The event will be centred in a marquee erected at Verano Azul park between 11.00 and 17.00 with live entertainment on an outdoor stage throughout the afternoon.
No fewer than 45 stands have been booked this year, taking in everything from the American Club to The Serenaders, in addition to which eight bars will be operated by members of various participating groups providing food and drink typical of their home countries. The town hall will be represented and will be offering free paella to visitors at around 14.00, while some Spanish groups with connections to the foreign community will also be taking part.
Costa del Sol News will be present once again, as will our sister newspaper in German, Costa del Sol Nachrichten.Among those present for the first time will be the recently formed Creative Artists Group. They include Jeanne from Cómpeta who paints in watercolour and acrylic and wants to become a wildlife artist, and home economist Elizabeth from Northern Ireland who would like to become a Nerja “house doctor”. Swiss born Nicole, who has survived four strokes, helps with translations and edits collections of verse, while Sheila writes for seven to 11 year olds and has just had her first book published. The group meets to support and encourage their diverse talents and are interested in other creative people joining them. Visit their stand on Sunday or contact Jeanne on 629 957 718 and don’t forget to come and meet the Costa del Sol News team and take part in our draw for a Combo TV/DVD. Just fill out the coupon on page 6 and pop it in the draw box on our stand on the day.


Cádiz woos travel market in Berlin

One in three tourists who visit the province is German

By David Eade

CÁDIZ TOURIST BOARD PULLED OUT ALL THE STOPS LAST WEEK AT ITS STAND AT THE INTERNATIONAL TOURISM FAIR HELD IN BERLIN.
The ITB is one of three major fairs in Europe along with FITUR in Madrid and the World Travel Market in London and the province was promoting itself to a market, which up till now has provided the most visitors from overseas.
The importance of the German market to Cádiz is borne out by the fact that one out of every three foreigners who visit the province is German. Their major destinations are Novo Sancti Petri in Chiclana and La Janda. Germany also has more towns and cities linked with Jerez airport in the peak summer months than any other country including Spain. Also in 2006 Germans are estimated to have spent around 66 million euros in the province.
The Cádiz tourist board hopes to boost still further the number of Germans who visit the province. More than 20 per cent of the visitors to the Cádiz stand at last year’s ITB were tour operators and the province’s tourism officials are optimistic about increasing the number of such companies who organise holidays in the area. The stand also attracted a large number of the public who come to the fair seeking holiday destinations and it is hoped that many of them will be persuaded that Cádiz is their best choice.
Indeed the efforts by the Cádiz tourism professionals seem to be paying off. As the ITB closed, the most important tour operator to the province, TUI, said to would be bringing 36,000 more people this year, an increase of 40 per cent. It is hoped that around 90,000 visitors will come with TUI in 2007 and the company and the regional government are to spend 600,000 euros promoting Andalucía to the German market.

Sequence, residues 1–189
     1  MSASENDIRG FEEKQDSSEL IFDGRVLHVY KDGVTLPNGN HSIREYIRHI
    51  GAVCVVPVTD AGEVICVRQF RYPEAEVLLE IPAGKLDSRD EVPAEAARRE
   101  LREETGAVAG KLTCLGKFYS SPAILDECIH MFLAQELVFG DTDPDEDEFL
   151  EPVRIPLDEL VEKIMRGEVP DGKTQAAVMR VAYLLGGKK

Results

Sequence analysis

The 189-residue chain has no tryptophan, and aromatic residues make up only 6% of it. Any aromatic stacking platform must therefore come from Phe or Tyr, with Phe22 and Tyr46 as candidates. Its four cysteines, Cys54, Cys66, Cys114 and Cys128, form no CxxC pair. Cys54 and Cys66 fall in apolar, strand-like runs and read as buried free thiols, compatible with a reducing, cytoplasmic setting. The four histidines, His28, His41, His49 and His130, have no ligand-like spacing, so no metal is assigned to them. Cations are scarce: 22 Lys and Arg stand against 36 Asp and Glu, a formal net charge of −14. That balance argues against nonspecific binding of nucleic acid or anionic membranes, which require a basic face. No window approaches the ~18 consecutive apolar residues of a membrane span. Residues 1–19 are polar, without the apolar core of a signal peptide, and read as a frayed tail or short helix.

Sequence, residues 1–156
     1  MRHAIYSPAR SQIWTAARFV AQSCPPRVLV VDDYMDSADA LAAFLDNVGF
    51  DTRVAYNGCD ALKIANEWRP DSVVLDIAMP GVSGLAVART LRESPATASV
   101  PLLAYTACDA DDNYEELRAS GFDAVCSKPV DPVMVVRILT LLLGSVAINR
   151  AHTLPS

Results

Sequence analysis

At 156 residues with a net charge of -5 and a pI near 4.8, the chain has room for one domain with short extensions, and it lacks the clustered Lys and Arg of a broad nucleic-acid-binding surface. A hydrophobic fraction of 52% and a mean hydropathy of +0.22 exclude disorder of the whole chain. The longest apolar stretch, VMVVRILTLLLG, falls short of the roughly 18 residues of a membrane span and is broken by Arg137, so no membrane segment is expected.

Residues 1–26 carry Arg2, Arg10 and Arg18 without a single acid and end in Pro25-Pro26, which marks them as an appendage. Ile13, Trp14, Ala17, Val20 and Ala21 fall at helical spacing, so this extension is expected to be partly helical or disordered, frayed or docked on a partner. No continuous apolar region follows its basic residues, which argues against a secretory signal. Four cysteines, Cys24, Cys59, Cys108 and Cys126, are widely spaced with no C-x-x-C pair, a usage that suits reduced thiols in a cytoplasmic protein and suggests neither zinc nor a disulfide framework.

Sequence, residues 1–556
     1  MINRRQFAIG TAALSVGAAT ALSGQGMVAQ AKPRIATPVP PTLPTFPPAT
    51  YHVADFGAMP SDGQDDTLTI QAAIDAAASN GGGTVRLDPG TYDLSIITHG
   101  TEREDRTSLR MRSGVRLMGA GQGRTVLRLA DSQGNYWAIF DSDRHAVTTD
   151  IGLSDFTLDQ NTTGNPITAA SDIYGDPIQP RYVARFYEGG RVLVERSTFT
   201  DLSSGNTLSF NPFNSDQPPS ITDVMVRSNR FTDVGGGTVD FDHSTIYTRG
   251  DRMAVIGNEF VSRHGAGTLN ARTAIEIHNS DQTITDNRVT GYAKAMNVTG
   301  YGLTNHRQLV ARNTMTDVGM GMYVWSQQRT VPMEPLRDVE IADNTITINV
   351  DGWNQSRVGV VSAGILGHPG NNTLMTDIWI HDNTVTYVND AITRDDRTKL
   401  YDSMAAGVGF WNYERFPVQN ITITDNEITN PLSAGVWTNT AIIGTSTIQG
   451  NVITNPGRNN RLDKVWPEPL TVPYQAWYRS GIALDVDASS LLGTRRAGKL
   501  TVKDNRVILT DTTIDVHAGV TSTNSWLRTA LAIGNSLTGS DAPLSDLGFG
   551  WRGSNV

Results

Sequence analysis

NO GOING BACK ON CLUB MED CLOSURE
However last week wasn’t all positive for the Cádiz tourism sector. The national director of holiday company Club Med, Georges Roll, met with the mayor of El Puerto, Fernando Gago, to explain the reasons for the closure of the tourist complex. He said the decision to close was irreversible and was brought about by economic losses suffered over a number of years.
The decision by Club Med to close its facilities in El Puerto will also bring an end its presence in Spain. Roll explained that the company neither owned the site nor the facilities and could no longer accept the on-gong losses. It is understood that since 2001 Club Med has lost 421,000 euros at a complex that is only open for four months a year.Club Med says it is seeking an economic settlement with its 250 employees who would now be out of work. However the workers are angry that the closure will leave them unemployed and they have staged a protest outside the town hall to make their case.


Spain honours 11-M victims with towering monument

Glass cylinder contains messages written by the public

By David Eade

ON SUNDAY, THE THIRD ANNIVERSARY OF THE MADRID TRAIN BOMBINGS THAT KILLED 191 PEOPLE AND INJURED MORE THAN 1,700, OFFICIALS AND MEMBERS OF THE PUBLIC GATHERED FOR A COMMEMORATION CEREMONY AT THE CITY’S ATOCHA STATION.
The alleged Muslim extremists accused of participating in the attack are currently on trial in Madrid, but Sunday was a day for remembrance, with the unveiling of a towering glass monument bearing messages of condolence written by the public in the days after the bombings.
King Juan Carlos and Queen Sofia presided over the ceremony at Atocha, which is the station the trains were heading to when the bombs exploded during the morning commute hour of March 11, 2004. There were no speeches at the commemoration. Instead, several hundred people gathered with the Royal family and political leaders to observe three minutes of silence, and a violoncellist played the mournful strains of Song of the Birds by Pau Casals, a composition dedicated to the call for peace.

SOLID GLASS
The glass cylindrical structure is described as the largest single piece of solid glass in the world, standing 11 metres tall and weighing 160 tonnes. It forms a stunning memorial to those who lost their lives Spain’s worst ever terrorist attack.